Leading the league's most efficient offense by Football Outsiders' metrics through the first half of the 2019 season, Prescott played well enough to keep his name on the periphery of the MVP discussion until the Thanksgiving debacle versus Buffalo. Should the franchise quarterback go down with an injury, the surrounding talent is strong enough to elevate newfound backup Dalton to the first postseason victory of his career.
Backfield: A- | Ezekiel Elliott, Tony Pollard, Jamize Olawale, Sewo Olonilua
At first glance, Elliott's 2019 numbers don't look much different than his first three seasons. Look closer, though, and you'll see a back who struggled to make defenders miss at the second level. The big plays dried up, which helps explain why he lost more than 22 yards per game from his 2018 performance. Pollard proved to be a fine change of pace, averaging an efficient 5.6 yards on 101 touches.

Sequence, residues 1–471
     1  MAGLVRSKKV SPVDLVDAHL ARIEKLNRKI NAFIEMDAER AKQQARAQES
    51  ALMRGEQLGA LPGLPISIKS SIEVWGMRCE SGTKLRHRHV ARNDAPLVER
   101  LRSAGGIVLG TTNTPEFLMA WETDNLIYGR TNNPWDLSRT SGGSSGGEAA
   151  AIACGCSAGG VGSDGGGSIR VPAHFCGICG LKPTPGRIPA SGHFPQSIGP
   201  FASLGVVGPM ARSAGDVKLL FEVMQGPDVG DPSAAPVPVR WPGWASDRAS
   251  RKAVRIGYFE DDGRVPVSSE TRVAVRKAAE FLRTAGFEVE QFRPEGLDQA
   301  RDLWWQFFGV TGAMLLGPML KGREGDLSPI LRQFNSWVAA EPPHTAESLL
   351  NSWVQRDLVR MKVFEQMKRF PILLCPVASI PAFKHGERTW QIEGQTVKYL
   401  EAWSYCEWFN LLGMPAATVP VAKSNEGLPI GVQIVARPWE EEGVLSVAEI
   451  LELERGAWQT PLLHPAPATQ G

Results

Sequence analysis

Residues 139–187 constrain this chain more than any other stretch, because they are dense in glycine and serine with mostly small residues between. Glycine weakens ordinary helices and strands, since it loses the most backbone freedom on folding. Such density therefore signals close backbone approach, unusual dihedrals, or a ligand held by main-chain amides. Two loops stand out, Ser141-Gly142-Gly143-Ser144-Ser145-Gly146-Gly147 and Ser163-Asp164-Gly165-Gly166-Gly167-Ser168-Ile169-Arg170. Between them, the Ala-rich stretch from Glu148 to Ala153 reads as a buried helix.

Receiving corps: A- | Amari Cooper, Michael Gallup, CeeDee Lamb, Blake Jarwin (TE), Devin Smith, Dalton Schultz (TE)
Although he tends to disappear for stretches, Cooper has been one of the finest route runners and boundary receivers since landing in Dallas as Prescott's No. 1 receiver. Would the Cowboys have shelled out $20 million per year for a new contract if they had an inkling that Lamb -- the sixth-rated player on their draft board -- would be free for the picking with the first round's No. 17 overall pick? It's an interesting thought. The suitably named Gallup is already one of the NFL's most promising second fiddles, recording 1,107 yards despite missing two games with a knee injury early in his second season. Prescott might miss future Hall of Famer Jason Witten's leadership, but Jarwin is a more athletic pass catcher with better run-after-catch skills.